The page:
As a result of stronger growth expectations, the market also expects European interest rates to rise modestly. The overnight rate appears to be heading towards 2.75%, and the 10-year bond is heading towards 4% from 3.48% currently. That is if you believe the consensus view.

The risks to this view are many. We will highlight just one. If the governments of the FIG countries continue their current line of economic policies, we will bet a great deal that economic growth will disappoint yet again, not only in 2006 but also in 2007. Therefore we think the risk to long bonds in Euroland is on the downside as far as yields are concerned.

# 5: Commodity prices to carry on rising

This view is largely attached to the general belief that strong economic growth in Asia, and particularly in China and India, will cause commodity prices to rise for years to come. One interesting aspect about commodity prices is that, although many are bullish, not so many have in fact positioned themselves accordingly.

Take the pension fund industry. It is our understanding that many pension funds are still struggling to come to terms with this asset class. How do they get their exposure? etc. etc. Partly for this reason, the odds may be tilted in favour of the consensus view in this instance.

However, the consensus conveniently ignores the fact that commodity prices are extremely sensitive to economic up- and downturns, so although the underlying trend may be up, investors could very well be in for a rough ride, if the global economy softens later this year.

# 4: Gold prices heading higher

Gold usually does well when inflation expectations are on the rise. Likewise, a weak U.S. dollar is often linked with a rise in the precious metal. The recent run in gold prices should therefore tell us something about inflation expectations and the consensus view on the dollar (which we will get to in a second or two).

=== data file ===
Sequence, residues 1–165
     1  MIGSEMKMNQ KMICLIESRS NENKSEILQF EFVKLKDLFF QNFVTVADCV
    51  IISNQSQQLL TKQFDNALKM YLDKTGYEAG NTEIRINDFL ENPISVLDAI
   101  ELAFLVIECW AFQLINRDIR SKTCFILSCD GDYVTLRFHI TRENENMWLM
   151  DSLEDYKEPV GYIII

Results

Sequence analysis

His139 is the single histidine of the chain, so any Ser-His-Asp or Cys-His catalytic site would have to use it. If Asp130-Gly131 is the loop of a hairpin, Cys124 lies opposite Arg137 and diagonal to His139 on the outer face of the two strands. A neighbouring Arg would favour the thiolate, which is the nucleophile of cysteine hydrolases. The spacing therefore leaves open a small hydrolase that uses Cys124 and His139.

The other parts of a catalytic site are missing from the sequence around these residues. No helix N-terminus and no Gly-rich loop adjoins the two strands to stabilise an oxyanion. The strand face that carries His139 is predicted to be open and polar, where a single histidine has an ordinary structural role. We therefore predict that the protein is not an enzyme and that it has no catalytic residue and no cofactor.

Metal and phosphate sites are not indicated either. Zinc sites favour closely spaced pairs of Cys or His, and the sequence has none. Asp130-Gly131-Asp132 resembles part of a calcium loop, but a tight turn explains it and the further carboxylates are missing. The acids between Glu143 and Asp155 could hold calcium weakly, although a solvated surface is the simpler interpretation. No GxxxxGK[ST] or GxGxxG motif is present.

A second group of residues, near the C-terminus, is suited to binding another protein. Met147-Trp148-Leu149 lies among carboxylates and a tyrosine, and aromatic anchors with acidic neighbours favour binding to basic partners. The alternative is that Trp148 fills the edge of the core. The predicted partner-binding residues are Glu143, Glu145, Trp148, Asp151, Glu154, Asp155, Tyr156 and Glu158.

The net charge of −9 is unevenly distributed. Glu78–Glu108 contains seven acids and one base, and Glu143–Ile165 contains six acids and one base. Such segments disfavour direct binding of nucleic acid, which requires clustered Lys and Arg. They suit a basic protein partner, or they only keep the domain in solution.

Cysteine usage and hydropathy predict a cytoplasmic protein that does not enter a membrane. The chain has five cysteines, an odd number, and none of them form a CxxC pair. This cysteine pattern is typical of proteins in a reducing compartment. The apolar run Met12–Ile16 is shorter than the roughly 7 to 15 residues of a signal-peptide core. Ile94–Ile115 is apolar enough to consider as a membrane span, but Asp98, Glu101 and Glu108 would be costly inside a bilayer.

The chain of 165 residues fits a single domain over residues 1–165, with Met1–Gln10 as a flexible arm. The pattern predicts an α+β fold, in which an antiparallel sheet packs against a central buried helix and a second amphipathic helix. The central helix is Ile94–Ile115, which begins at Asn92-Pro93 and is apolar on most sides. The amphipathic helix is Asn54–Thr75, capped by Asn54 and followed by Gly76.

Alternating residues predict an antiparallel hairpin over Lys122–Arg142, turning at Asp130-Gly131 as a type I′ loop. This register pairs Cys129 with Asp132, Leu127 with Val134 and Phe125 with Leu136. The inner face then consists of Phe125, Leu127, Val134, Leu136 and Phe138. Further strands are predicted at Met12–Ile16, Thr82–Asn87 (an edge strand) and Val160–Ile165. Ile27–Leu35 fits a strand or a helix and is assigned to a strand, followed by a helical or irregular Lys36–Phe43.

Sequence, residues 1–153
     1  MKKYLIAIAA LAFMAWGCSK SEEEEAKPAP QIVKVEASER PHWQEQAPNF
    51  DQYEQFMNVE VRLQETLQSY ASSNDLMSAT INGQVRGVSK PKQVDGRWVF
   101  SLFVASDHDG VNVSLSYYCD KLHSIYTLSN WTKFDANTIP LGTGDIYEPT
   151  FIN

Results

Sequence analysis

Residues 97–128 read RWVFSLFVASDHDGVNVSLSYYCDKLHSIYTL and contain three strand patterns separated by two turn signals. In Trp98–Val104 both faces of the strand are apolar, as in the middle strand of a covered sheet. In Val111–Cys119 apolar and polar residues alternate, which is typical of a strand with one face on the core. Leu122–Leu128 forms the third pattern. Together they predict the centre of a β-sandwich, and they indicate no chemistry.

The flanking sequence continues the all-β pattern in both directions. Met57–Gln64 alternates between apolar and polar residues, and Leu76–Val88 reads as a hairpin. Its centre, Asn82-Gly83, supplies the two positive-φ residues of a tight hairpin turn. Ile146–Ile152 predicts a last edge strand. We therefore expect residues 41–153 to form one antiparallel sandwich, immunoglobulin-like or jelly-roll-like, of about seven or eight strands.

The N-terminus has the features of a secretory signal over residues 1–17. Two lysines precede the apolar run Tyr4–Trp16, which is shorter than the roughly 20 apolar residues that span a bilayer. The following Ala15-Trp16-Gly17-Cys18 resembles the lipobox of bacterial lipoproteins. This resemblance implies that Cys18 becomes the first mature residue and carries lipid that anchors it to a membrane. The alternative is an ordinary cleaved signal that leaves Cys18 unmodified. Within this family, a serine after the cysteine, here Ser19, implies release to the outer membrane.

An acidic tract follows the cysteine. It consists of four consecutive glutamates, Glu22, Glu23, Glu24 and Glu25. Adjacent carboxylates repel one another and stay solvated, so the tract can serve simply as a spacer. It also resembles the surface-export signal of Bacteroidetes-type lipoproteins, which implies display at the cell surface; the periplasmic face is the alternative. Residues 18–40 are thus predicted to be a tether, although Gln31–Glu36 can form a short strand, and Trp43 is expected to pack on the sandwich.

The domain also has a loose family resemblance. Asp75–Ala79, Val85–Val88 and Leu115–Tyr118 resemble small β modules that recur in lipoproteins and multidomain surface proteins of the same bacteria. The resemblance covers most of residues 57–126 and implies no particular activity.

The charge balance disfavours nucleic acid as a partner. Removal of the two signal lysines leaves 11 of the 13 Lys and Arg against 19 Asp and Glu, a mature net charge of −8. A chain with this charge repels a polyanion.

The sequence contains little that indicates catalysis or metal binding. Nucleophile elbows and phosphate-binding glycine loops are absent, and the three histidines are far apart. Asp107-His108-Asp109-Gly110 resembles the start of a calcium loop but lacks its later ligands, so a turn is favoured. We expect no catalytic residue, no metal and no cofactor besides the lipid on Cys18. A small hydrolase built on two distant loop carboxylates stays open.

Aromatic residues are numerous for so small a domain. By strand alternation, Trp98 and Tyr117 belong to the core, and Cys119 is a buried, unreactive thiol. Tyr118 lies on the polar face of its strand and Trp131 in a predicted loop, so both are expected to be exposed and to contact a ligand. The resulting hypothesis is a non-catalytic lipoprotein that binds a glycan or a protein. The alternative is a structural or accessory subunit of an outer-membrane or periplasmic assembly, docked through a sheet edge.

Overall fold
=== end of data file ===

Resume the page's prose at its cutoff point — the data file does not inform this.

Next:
A fact often ignored by the gold bulls is that demand for gold is very seasonal, and we happen to be at the tail end of the peak season. For us, the jury is still out. We will be a lot more impressed if gold can sustain its rally into the spring and summer.

# 3: The Fed has almost done the job

It is now widely accepted that the Fed is almost done with its series of rate hikes. We have one, maybe two, hikes to go, taking the Fed Funds rate to 4.75% at worst. The very weak GDP report released last Friday only reinforced this view.

The equity bulls use this argument to build a case for buying U.S. equities. For the first time in years we have actually seen prominent European fund managers advocating an overweight in U.S. equities relative to European equities.

The main risk to the view on Fed policy is inflation. The impact from higher oil prices has been subdued so far, but do not ignore the fact

that last Friday's GDP report also included not so good news on consumer inflation in the U.S.

We know that the Fed governors are concerned about the inflation outlook. We saw in last week's report that this concern may be justified. The risk to the market is obvious. The Fed may not be as close to the end of this cycle as many expect. If the Fed Funds rate has to go 5.50% or perhaps even 6%, in order to take the air out of the looming inflation bubble, things could get pretty ugly.

# 2: U.S. imbalances are unsustainable

This is a big one. It is an opinion held almost universally, and we cannot do the subject any justice in a paragraph or two. The view itself is straight forward. A large (and growing) trade deficit combined with a spiralling budget deficit is a disaster waiting to strike. Sooner or later, the view goes, interest rates will have to go up, and the U.S. dollar will have to fall, in order to address those imbalances.